Gregory Hannon Wins 2007 Paul Marks Prize for Contributions to Understanding and Treating Cancer
Gregory J. Hannon, Ph.D., Cold Spring Harbor Laboratory (CSHL) professor and Howard Hughes Medical Institute (HHMI) investigator, along with two other young investigators will be the recipients of the Memorial Sloan-Kettering Cancer Center’s (MSKCC) 2007 Paul Marks Prize for Cancer Research.
The prize, named after Paul A. Marks, Ph.D., President Emeritus of MSKCC, recognizes significant contributions to the basic understanding and treatment of cancer by scientists no more than 45 years old at the time they are nominated. The winners were selected by a committee chaired by Jeffrey M. Friedman, M.D., Ph.D., a professor at The Rockefeller University. Each receives a medal and share a cash award of $150,000.
“It is important to show appreciation for the work of younger scientists while they are still in the early stages of their careers,” said Dr. Friedman. “The Paul Marks Prize pays tribute to the man for whom it was named by honoring some of the most promising researchers of the next generation.”
Dr. Hannon is a leader in the relatively new field of RNA interference (RNAi), a naturally occurring mechanism for regulating the expression of genes (controlling which genes are turned on and turned off in cells). In the laboratory, it is used as a tool to study the function of specific genes, and it’s being investigated as a therapeutic approach for treating many different diseases, including cancer.
“Greg Hannon’s discoveries have had a broad impact on research related to the field of small RNA biology,” said Bruce Stillman, Ph.D., CSHL President. “As a leader in the RNAi field, Greg’s work has resulted in the identification of a process that can manipulate gene expression, leading to a greater understanding of gene function, and identifying potential therapeutic drug targets.”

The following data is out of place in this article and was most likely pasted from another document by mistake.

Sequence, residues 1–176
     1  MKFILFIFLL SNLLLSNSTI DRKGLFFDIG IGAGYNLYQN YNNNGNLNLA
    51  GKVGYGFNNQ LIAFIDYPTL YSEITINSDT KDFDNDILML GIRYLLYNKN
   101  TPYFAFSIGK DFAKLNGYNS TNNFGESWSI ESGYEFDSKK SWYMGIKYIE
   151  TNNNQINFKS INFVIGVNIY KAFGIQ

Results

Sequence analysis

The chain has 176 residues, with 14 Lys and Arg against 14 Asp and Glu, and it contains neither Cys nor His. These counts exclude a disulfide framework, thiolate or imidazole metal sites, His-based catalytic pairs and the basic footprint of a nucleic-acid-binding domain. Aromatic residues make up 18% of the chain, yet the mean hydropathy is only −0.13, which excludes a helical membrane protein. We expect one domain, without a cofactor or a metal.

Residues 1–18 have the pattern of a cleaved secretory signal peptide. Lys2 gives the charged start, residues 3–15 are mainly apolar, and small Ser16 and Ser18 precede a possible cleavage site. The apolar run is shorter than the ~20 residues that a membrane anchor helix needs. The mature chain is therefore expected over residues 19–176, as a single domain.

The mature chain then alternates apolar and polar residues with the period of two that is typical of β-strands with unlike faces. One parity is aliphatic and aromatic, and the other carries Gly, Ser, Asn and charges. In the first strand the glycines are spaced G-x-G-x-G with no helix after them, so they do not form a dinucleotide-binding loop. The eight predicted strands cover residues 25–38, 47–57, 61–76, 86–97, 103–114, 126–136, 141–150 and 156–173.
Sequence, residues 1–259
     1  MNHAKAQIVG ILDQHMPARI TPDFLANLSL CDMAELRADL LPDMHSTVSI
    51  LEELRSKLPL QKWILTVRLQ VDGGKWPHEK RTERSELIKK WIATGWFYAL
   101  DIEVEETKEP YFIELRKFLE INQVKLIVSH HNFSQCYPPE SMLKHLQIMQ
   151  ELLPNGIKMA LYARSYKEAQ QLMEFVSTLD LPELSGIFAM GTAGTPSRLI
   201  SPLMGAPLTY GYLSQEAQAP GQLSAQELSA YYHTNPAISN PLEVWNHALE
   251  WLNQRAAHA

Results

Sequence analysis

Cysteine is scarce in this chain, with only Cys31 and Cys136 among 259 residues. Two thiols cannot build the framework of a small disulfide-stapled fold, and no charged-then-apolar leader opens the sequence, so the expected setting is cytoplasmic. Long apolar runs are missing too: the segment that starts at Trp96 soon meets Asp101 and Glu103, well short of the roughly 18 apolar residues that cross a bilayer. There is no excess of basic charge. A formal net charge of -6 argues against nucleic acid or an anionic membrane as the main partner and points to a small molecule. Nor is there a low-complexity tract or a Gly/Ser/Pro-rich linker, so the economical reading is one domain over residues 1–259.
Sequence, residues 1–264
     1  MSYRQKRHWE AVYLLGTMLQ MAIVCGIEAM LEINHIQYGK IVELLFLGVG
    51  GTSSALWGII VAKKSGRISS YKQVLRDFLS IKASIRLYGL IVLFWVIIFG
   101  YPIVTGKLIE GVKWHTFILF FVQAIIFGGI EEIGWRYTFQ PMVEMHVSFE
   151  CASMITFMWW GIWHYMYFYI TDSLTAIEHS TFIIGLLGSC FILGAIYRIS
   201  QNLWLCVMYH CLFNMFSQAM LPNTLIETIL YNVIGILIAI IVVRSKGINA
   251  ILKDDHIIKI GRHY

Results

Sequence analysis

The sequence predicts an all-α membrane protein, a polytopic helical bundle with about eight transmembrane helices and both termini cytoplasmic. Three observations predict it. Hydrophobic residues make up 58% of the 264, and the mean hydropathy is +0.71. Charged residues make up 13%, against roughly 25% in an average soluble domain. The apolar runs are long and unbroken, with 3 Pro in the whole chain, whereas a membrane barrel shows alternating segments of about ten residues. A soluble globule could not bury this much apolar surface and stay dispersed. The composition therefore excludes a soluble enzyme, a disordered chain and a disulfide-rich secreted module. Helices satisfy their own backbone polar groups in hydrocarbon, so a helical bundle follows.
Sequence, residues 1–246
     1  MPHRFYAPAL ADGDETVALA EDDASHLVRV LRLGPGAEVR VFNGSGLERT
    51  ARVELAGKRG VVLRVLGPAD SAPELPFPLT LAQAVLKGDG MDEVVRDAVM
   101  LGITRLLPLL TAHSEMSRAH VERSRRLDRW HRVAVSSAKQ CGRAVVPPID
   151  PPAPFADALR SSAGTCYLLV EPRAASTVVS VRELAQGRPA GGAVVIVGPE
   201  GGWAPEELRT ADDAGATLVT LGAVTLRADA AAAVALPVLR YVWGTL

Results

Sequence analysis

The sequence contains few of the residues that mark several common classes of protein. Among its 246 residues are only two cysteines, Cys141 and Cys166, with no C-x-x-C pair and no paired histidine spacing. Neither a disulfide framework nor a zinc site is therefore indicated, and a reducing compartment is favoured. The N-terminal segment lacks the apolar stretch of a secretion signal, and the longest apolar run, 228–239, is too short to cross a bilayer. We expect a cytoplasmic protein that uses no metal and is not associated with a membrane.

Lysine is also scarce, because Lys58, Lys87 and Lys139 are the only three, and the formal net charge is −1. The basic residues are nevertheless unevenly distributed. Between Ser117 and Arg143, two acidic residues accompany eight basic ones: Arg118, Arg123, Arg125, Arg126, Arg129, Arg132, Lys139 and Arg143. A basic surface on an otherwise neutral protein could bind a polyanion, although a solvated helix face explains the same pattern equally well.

Dr. Hannon earned his Ph.D. degree in molecular biology from Case Western Reserve University.
The Paul Marks Prize was established in 2001 and is awarded biennially. This year’s winners – Hannon, Angelika Amon, Ph.D., of the Massachusetts Institute of Technology (MIT) and the Howard Hughes Medical Institute (HHMI), and Todd R. Golub, M.D., of the Dana-Farber Cancer Institute, the Broad Institute of Harvard and MIT, and the HHMI – will speak about their work at a public symposium held at Memorial Sloan-Kettering Cancer Center on December 6, 2007.
“Each investigator we are honoring is already a leader in his or her respective field,” said Harold Varmus, M.D., MSKCC President. “These scientists have made major contributions to the biological understanding of cancer, shedding light on what causes cancer and offering promising solutions that may someday provide benefits to patients everywhere.”
In addition to Dr. Friedman, other members of the selection committee were Joan S. Brugge, PhD, of the Department of Cell Biology at Harvard Medical School; Titia de Lange, PhD, of The Rockefeller University; Stephen J. Elledge, PhD, of the Department of Biochemistry at Baylor College of Medicine; Stephen P. Goff, PhD, of the Department of Microbiology at Columbia University; Alan Hall, PhD, of the Cell Biology Program in the Sloan-Kettering Institute; Scott W. Lowe, PhD, of the Cold Spring Harbor Cancer Center; and William G. Kaelin Jr., MD, of the Dana-Farber Cancer Institute.
Memorial Sloan-Kettering Cancer Center is the world’s oldest and largest private institution devoted to prevention, patient care, research, and education in cancer. For more information, visit www.mskcc.org.
Cold Spring Harbor Laboratory is a private, non-profit research and education institution dedicated to exploring molecular biology and genetics in order to advance the understanding and ability to diagnose and treat cancers, neurological diseases, and other causes of human suffering. For more information, visit www.cshl.edu.